Ray Thomas, Founding Member of the Moody Blues, Dies at 76
Posted January 9, 2018 5:03 p.m. EST
Updated January 9, 2018 5:06 p.m. EST
Ray Thomas, a founding member of the protean British rock group the Moody Blues, died Thursday at his home in Surrey, south of London. He was 76.
His death was announced by his label, Esoteric Recordings/Cherry Red Records. The label did not specify the cause, but Thomas said in 2014 that he had prostate cancer.
The Moody Blues’ popularity has endured for decades, during which they recorded traditional rock ‘n’ roll, psychedelic rock and progressive rock with orchestral arrangements.
Thomas, who played flute, sang and wrote a number of the Moody Blues’ songs, performed in rock and blues bands in Birmingham, England, before founding the group in 1964 with Denny Laine as lead singer and guitarist, Mike Pinder on keyboards, Graeme Edge on drums and Clint Warwick on bass.
The Moody Blues’ first hit was “Go Now,” a cover of a soul song originally recorded by Bessie Banks. It peaked at No. 10 on the Billboard singles chart in the United States in 1965.
But the band struggled to follow up its success, and by 1966 Laine and Warwick had left. (Laine was later an original member of Paul McCartney’s band Wings.) They were replaced by Justin Hayward on guitar and vocals and John Lodge on bass, and by 1967 the group had developed a new sound built around Pinder’s use of the Mellotron, a keyboard that plays samples of different instruments, allowing him to stand in for an orchestra.
“I had been playing flute, so it was an ideal marriage for the flute with the strings,” Thomas said last year in an interview with the website bestclassicbands.com. “We decided to really do it like a classical-rock fusion.”
Most of the Moody Blues wrote songs, but the band’s new style gave more prominence to Thomas’ writing as well as his flute playing.
In 1967 they released what is considered a progressive rock landmark, the album “Days of Future Passed,” which featured contributions from the London Festival Orchestra. It was one of the earliest albums to embrace the long, interconnected songs and musical experimentation that became key parts of the style in the early 1970s.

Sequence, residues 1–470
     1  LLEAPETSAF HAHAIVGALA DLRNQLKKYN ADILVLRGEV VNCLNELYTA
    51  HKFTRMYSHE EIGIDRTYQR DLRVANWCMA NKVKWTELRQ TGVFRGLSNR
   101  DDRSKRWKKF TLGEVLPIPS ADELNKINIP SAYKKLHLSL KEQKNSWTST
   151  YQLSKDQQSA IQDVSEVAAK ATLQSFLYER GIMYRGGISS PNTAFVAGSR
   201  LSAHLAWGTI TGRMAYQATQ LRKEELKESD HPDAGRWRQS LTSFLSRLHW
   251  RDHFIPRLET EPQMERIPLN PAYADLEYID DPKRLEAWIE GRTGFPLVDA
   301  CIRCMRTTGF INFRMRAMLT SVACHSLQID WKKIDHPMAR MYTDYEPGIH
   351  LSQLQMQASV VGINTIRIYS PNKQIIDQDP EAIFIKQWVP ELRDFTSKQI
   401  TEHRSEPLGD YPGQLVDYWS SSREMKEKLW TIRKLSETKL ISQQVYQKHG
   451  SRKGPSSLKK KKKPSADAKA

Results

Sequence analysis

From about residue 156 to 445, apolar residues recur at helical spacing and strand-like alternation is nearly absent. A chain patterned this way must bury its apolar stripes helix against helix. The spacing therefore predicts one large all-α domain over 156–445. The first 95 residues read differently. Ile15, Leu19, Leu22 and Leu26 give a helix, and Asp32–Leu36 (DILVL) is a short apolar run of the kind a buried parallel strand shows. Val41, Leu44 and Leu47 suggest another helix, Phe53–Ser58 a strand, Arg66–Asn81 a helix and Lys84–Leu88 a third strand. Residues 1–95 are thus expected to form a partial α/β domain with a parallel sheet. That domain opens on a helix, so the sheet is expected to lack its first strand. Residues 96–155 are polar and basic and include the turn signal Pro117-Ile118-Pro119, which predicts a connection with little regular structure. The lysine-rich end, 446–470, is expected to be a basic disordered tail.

Thomas’ solo on the single “Nights in White Satin,” which became the group’s signature song, was one of the album’s defining moments. He also wrote “Twilight Time,” its contemplative final track, and he and Peter Knight wrote the jaunty, flute-heavy “The Morning: Another Morning.”
Thomas said that when executives at Decca, the band’s label at the time, heard the album “they panicked: ‘Who’s going to buy this? It’s neither one thing or the other: it’s not rock ‘n’ roll, and it’s not classical as such.'”
The label was right to be wary. “Days of Future Passed” did reasonably well in England but disappeared without a trace in the United States. It found an audience there only belatedly, when it was reissued in 1972 and broke into the Top 10. “Nights in White Satin” reached No. 2 on the Billboard singles chart.
The Moody Blues went on to release “In Search of the Lost Chord” (1968), “Long Distance Voyager” (1981) and other albums. Thomas wrote several more songs for the band, including “Legend of a Mind,” a trippy ode to Timothy Leary, and “Veteran Cosmic Rocker,” a synth-heavy rock song.
Raymond Thomas was born on Dec. 29, 1941, in Stourport-on-Severn, England. He studied in nearby Birmingham and sang with the Birmingham Youth Choir.
His first marriage ended in divorce. Survivors include his wife, the former Lee Lightle, and three children, Adam, Nancy and Zoe.
He released two solo albums, “From Mighty Oaks” (1975) and “Hopes, Wishes and Dreams” (1976), after the Moody Blues broke up in 1974. The group later re-formed, and Thomas remained a member until leaving in 2002 because of poor health.
The Moody Blues are to be inducted into the Rock & Roll Hall of Fame in April.